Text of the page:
We should warmly congratulate New Zealand primary school principals and teachers for their dogged determination to challenge poor educational practice and confront government policies which will damage children’s learning.
I’m talking about the on-going rebelliousness against the government’s so-called national standards in schools. Just when Education Minister Anne Tolley must have thought she had seen off the worst of the opposition the policy is on the ropes again.
The latest attack has come from the Auckland Primary Principals’ Association whose President Iain Taylor has written to principals suggesting they boycott the Ministry of Education’s training to implement the standards. This has created another round of ripples which show principals and teachers throughout New Zealand are prepared to boldly defend our kids’ education.
Anne Tolley is right to say New Zealand has an educational crisis. She says the long tail of under achievement is a disgrace and that she’s determined to tackle it. Sounds good so far. She goes on to say national standards will identify under achieving children and enable schools to work with parents to get their children up to speed.
But behind these sound bites the policy can’t deliver. Her approach won’t lift achievement and will cause significant collateral damage along the way.
Identifying under achieving children has never been the problem. Every teacher can tell which students are falling behind and the interventions they need to help bring them up to speed. What’s missing are the resources: smaller classes; extra teacher support in classrooms; quality professional development and additional government funding to enrich all our kids’ educational experiences. None of this is on offer. In fact despite national standards being the cornerstone of National’s education policy there is no new funding for schools – it’s expected to be done within existing, poorly-funded school budgets.
Worse still the policy takes no account of how children actually learn and will de-motivate huge numbers of kids by labelling them failures at an early age. And because these standards will have high stakes for schools there will be the inevitable narrowing of the curriculum as schools cut out wider experiences in favour of “teaching to the tests” in numeracy and literacy.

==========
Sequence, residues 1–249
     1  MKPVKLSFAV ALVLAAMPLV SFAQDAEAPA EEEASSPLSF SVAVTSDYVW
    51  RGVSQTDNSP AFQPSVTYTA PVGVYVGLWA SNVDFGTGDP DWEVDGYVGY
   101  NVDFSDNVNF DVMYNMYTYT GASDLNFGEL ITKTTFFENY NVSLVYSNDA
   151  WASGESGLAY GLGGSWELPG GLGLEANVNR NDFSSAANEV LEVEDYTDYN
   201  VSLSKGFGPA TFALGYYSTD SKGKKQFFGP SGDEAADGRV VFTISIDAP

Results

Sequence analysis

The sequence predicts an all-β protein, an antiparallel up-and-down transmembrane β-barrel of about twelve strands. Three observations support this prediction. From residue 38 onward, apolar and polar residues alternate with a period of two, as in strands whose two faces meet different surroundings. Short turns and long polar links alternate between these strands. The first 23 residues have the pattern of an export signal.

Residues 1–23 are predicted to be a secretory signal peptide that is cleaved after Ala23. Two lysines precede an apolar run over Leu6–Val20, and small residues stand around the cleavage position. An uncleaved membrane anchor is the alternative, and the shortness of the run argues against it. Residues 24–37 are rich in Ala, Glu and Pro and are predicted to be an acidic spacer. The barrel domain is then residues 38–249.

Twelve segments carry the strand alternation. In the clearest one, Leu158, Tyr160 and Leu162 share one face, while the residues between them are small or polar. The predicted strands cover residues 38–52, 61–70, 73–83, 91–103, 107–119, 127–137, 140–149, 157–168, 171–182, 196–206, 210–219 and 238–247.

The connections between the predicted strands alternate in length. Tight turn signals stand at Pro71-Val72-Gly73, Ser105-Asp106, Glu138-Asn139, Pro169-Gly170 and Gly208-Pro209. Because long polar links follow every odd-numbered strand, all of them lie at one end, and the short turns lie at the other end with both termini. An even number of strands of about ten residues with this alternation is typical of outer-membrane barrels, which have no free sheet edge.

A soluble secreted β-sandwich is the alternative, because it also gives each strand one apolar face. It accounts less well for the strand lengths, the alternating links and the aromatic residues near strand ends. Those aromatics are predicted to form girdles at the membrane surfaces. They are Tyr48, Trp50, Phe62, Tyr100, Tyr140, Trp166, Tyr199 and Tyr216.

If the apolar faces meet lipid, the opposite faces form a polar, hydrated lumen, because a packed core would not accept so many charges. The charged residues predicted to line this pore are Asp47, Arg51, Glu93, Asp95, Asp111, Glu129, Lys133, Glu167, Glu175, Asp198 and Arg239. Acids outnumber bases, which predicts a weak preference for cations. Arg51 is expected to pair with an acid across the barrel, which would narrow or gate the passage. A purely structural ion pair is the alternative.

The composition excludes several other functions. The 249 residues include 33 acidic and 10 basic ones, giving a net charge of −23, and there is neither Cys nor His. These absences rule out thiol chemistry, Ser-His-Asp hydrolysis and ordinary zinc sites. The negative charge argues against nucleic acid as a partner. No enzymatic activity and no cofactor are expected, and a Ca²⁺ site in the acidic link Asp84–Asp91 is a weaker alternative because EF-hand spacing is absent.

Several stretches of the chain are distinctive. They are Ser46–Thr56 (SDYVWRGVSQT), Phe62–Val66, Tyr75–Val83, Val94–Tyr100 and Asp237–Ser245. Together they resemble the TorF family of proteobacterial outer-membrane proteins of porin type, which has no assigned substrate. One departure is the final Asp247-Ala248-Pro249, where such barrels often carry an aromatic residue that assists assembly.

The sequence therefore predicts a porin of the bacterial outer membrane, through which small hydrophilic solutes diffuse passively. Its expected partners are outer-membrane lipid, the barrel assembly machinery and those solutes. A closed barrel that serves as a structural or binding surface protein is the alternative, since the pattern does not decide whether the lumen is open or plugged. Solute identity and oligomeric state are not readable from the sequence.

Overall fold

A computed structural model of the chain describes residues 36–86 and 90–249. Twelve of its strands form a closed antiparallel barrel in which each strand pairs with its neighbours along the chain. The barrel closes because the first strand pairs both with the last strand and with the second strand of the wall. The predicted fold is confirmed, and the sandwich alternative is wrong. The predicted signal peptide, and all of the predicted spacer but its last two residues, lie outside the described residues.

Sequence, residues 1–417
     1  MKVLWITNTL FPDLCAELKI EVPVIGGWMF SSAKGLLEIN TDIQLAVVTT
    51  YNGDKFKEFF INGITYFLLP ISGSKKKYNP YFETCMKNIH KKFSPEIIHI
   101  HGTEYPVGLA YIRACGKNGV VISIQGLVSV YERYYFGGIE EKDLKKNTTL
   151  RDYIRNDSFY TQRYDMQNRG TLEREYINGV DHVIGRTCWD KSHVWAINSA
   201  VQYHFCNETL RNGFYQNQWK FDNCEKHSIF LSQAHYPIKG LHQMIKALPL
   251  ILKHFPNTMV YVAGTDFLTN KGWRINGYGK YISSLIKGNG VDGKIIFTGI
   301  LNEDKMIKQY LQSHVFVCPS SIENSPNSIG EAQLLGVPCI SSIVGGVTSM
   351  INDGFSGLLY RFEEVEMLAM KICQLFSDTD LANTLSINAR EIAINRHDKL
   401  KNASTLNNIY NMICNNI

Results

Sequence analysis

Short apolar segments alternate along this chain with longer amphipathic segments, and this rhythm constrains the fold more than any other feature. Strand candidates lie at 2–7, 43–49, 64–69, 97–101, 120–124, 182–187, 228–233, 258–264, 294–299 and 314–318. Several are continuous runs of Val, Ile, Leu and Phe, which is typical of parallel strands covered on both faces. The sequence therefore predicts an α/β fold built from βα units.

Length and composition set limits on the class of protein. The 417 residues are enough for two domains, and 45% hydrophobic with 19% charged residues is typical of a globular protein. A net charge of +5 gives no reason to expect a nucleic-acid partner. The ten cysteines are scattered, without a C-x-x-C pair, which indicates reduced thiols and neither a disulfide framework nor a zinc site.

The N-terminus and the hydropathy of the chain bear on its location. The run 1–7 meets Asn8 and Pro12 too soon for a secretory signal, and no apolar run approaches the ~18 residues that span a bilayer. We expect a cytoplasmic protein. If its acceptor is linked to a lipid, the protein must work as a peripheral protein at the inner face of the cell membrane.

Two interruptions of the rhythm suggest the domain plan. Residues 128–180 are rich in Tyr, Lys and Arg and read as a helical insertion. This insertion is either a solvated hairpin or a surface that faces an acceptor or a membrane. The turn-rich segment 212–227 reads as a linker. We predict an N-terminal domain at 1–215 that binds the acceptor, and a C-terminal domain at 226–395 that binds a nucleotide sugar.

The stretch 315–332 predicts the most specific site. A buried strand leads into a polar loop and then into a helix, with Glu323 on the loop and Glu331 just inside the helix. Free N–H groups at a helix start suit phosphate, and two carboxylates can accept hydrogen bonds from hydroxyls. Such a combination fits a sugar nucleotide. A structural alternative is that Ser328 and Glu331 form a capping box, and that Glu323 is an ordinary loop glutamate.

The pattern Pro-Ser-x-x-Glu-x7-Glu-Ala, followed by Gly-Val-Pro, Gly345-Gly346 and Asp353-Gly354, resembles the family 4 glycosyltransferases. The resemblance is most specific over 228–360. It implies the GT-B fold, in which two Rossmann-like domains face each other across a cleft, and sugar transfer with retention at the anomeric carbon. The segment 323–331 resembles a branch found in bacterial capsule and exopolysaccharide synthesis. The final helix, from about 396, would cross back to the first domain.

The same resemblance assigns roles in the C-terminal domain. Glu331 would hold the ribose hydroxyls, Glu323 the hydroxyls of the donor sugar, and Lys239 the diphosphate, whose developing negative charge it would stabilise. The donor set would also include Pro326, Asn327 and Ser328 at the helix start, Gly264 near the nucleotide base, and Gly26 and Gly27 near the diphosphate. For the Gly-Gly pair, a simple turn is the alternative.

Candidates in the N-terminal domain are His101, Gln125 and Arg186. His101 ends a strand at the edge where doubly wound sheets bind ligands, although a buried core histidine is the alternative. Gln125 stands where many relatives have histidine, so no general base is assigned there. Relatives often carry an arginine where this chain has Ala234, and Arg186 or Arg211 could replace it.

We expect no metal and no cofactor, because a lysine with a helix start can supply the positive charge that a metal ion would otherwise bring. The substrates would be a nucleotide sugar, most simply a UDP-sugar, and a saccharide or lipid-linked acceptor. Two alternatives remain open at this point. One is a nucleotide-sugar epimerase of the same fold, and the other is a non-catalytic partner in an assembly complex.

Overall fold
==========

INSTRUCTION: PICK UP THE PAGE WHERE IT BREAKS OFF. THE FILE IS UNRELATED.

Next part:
And underlining all the ministerial handwringing is the ugly truth that the long tail of underachievement is the long tail of poverty and that the solution, as it is with other social problems, is to reduce income inequality. Unfortunately the government is doing the opposite.
The latest attack on national standards has come via a principal who was a former cheerleader for National’s bulk funding policies for schools in the 1990’s. Now as head of decile one Manurewa Intermediate School, Iain Taylor told school parents in the March school newsletter:
“I have now developed some serious misgivings; over and above the few I did have ie. the fact that National Standards could well narrow the curriculum with schools focusing on only Literacy and Numeracy. This is more paramount in my mind as I sit here in the beautiful sunshine looking out to sea from Motutapu Island where I have been all week enjoying the challenge and fun of our school wide Survival Camp. These are the experiences that kids remember and are important learning steps from everyone and it is these activities I would hate to see go from our schools as our curriculum focus becomes so narrow with testing, assessing and evaluating too much.
“I am constantly reminded and have been even more so at camp as I watch students who suddenly ‘click’ – they suddenly make the connections with their prior knowledge – in other words the learning becomes meaningful. This is not dependent on age! It is a developmental ‘happening’ that is about children being ready.
“I believe that national standards compromise this understanding because it puts unnatural pressure and urgency on stages of knowledge that can be unnecessarily traumatic for both teachers and children.”
New Zealand is well served when we have principals and teachers prepared to speak with such clarity about dangerous government policy which in this case focuses more on creating an educational marketplace of winners and losers than lifting achievement and opportunities for all our kids.
So despite every government effort to force this policy through, principals and teachers are in the front line opposing it. They deserve our admiration, respect and support.
This is my last column for the Press. I’ve been doing it for four and a half years and I’ve appreciated the opportunity to put an alternative viewpoint to the dominant corporate agenda.
Thanks to all those who have contacted me to agree or disagree. I’m sorry I haven’t always had the time to respond to everyone but thanks for taking the time to give feedback.
If you’re interested in continuing to follow my commentary on topical issues you’re welcome to visit my blog on the stuff website www.stuff.co.nz